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Battlegrounds : geography and the history of warfare book Battlegrounds : geography and the history of warfare

355.409 BATTLEG

Throughout military history, battles have often been determined by certain “geographic imperatives”—characteristics of the terrain that significantly affect the nature of the fighting. Confrontations, therefore, have essentially been decided by an army¼s ability to adapt to geographical features, giving rivers, mountains, and beaches lead roles in the political shaping of the world. From Alexander the Great’s attack across the Granicus in 334 B.C. to the U.S. siege of the mountains of Afghanistan in 2001, geography has been a permanent and crucial factor in battle. Battlegrounds provides an unprecedented and fascinating look at this most formidable of adversaries throughout the history of warfare.

Civil War battlefields : then & now book Civil War battlefields : then & now

Campi, James.
973.7 CAMPI

Although more than 140 years have passed since Confederate guns first fired on Fort Sumter, our fascination with the American Civil War has not faded. With the advent of photography, the Civil War was the first time images captured the devastation of war in all of its brutal truth. Now you can see the infamous battlefields of the Civil War as they were then -- and how they are today.

Tears in the darkness : the story of the Bataan Death March and its aftermath book Tears in the darkness : the story of the Bataan Death March and its aftermath

Norman, Michael, 1947 Oct. 2-
940.5472 NORMAN

For the first four months of 1942, U.S., Filipino, and Japanese soldiers fought what was America’s first major land battle of World War II, the battle for the tiny Philippine peninsula of Bataan. It ended with the surrender of 76,000 Filipinos and Americans, the single largest defeat in American military history. The defeat, though, was only the beginning, as Michael and Elizabeth M. Norman make dramatically clear in this powerfully original book. From then until the Japanese surrendered in August 1945, the prisoners of war suffered an ordeal of unparalleled cruelty and savagery: forty-one months of captivity, starvation rations, dehydration, hard labor, deadly disease, and torture—far from the machinations of General Douglas MacArthur. The Normans bring to the story remarkable feats of reportage and literary empathy. Their protagonist, Ben Steele, is a figure out of Hemingway: a young cowboy turned sketch artist from Montana who joined the army to see the world. Juxtaposed against Steele’s story and the sobering tale of the Death March and its aftermath is the story of a number of Japanese soldiers. The result is an altogether new and original World War II book: it exposes the myths of military heroism as shallow and inadequate; it makes clear, with great literary and human power, that war causes suffering for people on all sides.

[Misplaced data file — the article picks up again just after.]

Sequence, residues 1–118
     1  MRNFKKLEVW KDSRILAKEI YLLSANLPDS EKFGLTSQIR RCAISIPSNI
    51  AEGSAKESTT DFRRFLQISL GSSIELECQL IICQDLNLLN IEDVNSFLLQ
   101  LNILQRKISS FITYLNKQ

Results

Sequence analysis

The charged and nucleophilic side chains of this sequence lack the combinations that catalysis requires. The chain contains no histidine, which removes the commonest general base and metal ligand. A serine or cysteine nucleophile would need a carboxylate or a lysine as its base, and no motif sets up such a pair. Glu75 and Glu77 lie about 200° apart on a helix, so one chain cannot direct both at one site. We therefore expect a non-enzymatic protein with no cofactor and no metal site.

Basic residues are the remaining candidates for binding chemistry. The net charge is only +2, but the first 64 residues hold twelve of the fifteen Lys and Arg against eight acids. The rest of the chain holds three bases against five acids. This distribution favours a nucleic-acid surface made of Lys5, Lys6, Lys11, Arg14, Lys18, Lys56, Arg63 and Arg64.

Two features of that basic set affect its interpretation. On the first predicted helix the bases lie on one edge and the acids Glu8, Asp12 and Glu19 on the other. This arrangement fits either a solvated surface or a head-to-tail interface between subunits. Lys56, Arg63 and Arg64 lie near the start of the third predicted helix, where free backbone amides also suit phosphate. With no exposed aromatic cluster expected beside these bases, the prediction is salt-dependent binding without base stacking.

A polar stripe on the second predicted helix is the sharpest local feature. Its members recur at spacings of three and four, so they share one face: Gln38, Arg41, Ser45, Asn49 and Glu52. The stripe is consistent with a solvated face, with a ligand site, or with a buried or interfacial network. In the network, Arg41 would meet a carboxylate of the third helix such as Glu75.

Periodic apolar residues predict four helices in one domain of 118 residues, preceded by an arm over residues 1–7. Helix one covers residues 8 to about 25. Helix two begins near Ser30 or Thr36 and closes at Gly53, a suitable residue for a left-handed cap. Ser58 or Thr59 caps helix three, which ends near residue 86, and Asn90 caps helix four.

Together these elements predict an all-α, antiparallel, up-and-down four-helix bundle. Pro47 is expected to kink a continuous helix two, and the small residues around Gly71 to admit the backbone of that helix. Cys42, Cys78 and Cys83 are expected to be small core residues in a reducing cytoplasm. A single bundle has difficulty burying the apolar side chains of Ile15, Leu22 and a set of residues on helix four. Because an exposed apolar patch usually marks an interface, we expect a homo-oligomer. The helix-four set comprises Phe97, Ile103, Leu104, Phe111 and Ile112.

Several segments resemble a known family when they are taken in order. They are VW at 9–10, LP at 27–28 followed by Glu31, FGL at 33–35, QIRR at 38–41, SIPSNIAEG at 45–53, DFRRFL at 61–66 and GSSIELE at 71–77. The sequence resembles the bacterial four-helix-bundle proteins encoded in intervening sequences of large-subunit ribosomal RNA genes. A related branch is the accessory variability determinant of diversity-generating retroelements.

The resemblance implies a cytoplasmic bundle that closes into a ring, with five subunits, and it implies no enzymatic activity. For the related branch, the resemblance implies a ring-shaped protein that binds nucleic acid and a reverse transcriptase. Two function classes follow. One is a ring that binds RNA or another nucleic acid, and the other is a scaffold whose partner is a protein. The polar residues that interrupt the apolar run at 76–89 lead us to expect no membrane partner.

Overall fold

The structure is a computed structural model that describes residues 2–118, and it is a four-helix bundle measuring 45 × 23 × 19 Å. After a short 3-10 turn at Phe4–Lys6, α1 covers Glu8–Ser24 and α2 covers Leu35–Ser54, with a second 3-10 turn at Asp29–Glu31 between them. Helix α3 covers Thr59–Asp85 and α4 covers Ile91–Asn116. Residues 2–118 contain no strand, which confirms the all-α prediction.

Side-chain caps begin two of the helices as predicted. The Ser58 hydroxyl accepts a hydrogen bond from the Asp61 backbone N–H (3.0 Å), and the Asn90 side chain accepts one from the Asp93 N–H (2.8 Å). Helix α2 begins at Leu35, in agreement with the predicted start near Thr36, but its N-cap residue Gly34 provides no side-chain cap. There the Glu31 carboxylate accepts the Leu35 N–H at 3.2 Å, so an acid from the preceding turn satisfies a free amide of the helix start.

The Pacific book The Pacific

Ambrose, Hugh.
940.5459 AMBROSE

n this companion book to the HBO series on the war in the Pacific, historian Hugh Ambrose focuses on five American soldiers who each took an active role in the difficult and costly--in terms of lives--campaign to reach the Japanese mainland. Ambrose recounts key battles--Guadalcanal, Midway, Okinawa, and the lesser-known Peleliu--and he provides a soldier's eye view of the events, conveying the great valor and sacrifices of those in uniform.

The wild blue : the men and boys who flew the B-24s over Germany book The wild blue : the men and boys who flew the B-24s over Germany

Ambrose, Stephen E.
940.5449 AMBROSE

Examines the lives of the pilots, bombardiers, navigators, and gunners chosen by the Air Force to embark on the most dangerous missions during World War II.

War book War

Junger, Sebastian.
958.1047 JUNGER

Junger, author of "The Perfect Storm," turns his brilliant and empathetic eye to the reality of combat in this on-the-ground account that follows a single platoon through a 15-month tour of duty in the most dangerous outpost in Afghanistan's Korengal Valley.

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